|Fred Alvaro, partner in charge at Adorno & Yoss in Boston, says diversity at the firm is no accident. (Aram Boghosian for The Boston Globe)|
Making a case for differences
Law firms, clients see benefit of lawyers with other points of view
Diversity counts at law firm Adorno & Yoss — literally.
About 20 percent of the lawyers at Miami-based Adorno & Yoss are Latino, and some 17 percent are African-American.
Minority lawyers hold a roughly 60 percent stake in the firm.
And at the Boston office, the two leading partners are a Latino man and an African-American man; the other four partners are Caucasian, one is a woman.
Fred Alvaro, the Latino man who is the partner in charge of the Boston office, said that level of diversity is no mistake, but is embedded in the firm’s recruiting process.
“I think we all benefit in the management of the firm from a debate amongst people who see different aspects of the world,’’ he said, noting that the firm also has many Spanish-speaking attorneys who attract clients from Spain and Latin America.
Adorno & Yoss is an anomaly in the nation’s legal profession, which has often been criticized for its lack of diversity. According to a recent surv ey by trade publication The American Lawyer, the percentage of black, Asian, and Hispanic lawyers at the top 200 US firms last year was 13.4 percent, while lawyers from nonwhite backgrounds at the 10 largest Massachusetts firms was 12.9 percent. Nationally, just 6.9 percent of partners were minorities, according to the survey.
Law firms slowly have been becoming more diverse, though. As corporations increasingly realize the benefits of diversity to the bottom line, many are demanding a reputation for diversity from their lawyers.
That has led some firms to launch diversity initiatives that have helped raise the number of minority lawyers at firms in the past decade:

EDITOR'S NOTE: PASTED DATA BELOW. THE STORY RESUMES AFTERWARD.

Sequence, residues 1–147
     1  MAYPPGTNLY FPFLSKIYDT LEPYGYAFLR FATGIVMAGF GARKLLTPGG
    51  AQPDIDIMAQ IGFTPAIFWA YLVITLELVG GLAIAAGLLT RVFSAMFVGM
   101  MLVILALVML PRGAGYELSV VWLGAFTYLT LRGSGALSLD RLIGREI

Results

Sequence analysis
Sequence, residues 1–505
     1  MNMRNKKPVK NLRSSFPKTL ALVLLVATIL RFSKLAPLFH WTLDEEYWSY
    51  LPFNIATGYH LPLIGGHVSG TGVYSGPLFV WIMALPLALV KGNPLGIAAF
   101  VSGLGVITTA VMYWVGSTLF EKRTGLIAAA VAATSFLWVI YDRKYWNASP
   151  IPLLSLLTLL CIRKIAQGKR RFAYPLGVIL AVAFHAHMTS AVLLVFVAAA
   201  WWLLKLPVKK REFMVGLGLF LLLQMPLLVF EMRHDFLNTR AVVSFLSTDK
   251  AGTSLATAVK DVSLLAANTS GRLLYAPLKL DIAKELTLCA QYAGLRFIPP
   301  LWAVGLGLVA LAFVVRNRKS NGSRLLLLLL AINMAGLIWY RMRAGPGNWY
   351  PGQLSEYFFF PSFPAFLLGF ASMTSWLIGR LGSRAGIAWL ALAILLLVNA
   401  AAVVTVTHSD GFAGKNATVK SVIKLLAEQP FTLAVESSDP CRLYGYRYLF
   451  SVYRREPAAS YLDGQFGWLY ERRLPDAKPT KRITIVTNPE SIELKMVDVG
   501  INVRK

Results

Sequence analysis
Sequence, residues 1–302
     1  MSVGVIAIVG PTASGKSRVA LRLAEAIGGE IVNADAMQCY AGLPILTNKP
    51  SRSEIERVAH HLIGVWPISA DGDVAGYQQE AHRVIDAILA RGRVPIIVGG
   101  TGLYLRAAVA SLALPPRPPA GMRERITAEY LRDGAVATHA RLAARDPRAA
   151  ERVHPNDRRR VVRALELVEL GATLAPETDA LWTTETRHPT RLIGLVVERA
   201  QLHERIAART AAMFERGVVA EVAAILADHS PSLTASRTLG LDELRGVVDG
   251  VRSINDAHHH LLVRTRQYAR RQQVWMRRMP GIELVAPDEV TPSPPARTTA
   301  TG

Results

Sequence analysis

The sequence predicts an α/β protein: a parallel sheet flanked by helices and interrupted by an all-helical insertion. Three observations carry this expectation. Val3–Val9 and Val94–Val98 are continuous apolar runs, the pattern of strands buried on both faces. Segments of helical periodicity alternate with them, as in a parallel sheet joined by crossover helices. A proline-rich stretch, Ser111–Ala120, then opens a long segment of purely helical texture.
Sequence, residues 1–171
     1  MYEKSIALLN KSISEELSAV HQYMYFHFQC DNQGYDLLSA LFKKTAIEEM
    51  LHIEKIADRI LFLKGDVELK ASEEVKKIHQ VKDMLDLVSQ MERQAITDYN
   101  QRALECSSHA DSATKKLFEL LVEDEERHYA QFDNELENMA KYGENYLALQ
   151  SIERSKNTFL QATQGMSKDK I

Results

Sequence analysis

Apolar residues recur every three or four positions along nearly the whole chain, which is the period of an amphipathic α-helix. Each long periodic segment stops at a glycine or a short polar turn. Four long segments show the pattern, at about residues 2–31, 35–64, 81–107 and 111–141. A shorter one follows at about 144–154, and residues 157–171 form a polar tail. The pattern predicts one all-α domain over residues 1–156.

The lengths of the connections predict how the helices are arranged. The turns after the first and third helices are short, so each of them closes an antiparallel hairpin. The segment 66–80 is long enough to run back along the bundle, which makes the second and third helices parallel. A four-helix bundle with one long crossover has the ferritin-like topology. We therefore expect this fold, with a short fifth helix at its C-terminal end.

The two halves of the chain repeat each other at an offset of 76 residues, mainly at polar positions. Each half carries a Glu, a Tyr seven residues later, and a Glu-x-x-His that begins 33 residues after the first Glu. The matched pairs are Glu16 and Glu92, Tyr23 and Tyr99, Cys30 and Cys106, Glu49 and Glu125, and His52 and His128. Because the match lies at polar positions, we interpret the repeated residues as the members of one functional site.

Since The American Lawyer began collecting data in 2000, the percentage has risen almost 4 points.
Betty Francisco, the vice president of the Association of Latino Professionals in Finance and Accounting Law in Boston, said some firms have made significant headway in part “because clients are beginning to demand it.’’
“There are many arguments you can make as to why diversity is good, but the most salient one is from a business point of view,’’ she said. “Consumers are buying products in diverse markets, so they want their suppliers and trusted advisers to reflect that.’’
At Adorno & Yoss, diversity was a deliberate business strategy.
The firm originated in Miami in 1986, but when it began opening national offices about a decade ago, it targeted minority-owned firms in key markets.
In some cases, Adorno incorporated some part of the target firm’s name into its own to capitalize on the firm’s local popularity: Adorno Yoss White & Wiggins, for instance, now operates in Dallas, and Adorno Yoss Alvarado & Smith in California.
“Most firms were trying to become as much like a national majority-owned firm to attract business,’’ said Francisco Gonzalez, who runs the international practice in the firm’s Miami office. “We agreed on a path primarily contrarian to what most firms were doing.’’
Adorno & Yoss now has 17 offices across the United States and Latin America, including the Boston office, which opened its doors in 2007; Alvaro and two other partners brought their clients over from their old firm, Fitzhugh, Parker & Alvaro. Now, the Boston office is shifting into growth mode. Amid the weak economy, Alvaro said he, like most firms, was cautious about expanding and hiring.
But now he is speaking to recruiters about bringing on two new partners.
He also hopes to add associates and take on more office space in 18 months — perhaps even sooner.
“We are a natural home for talented attorneys of color,’’ he said.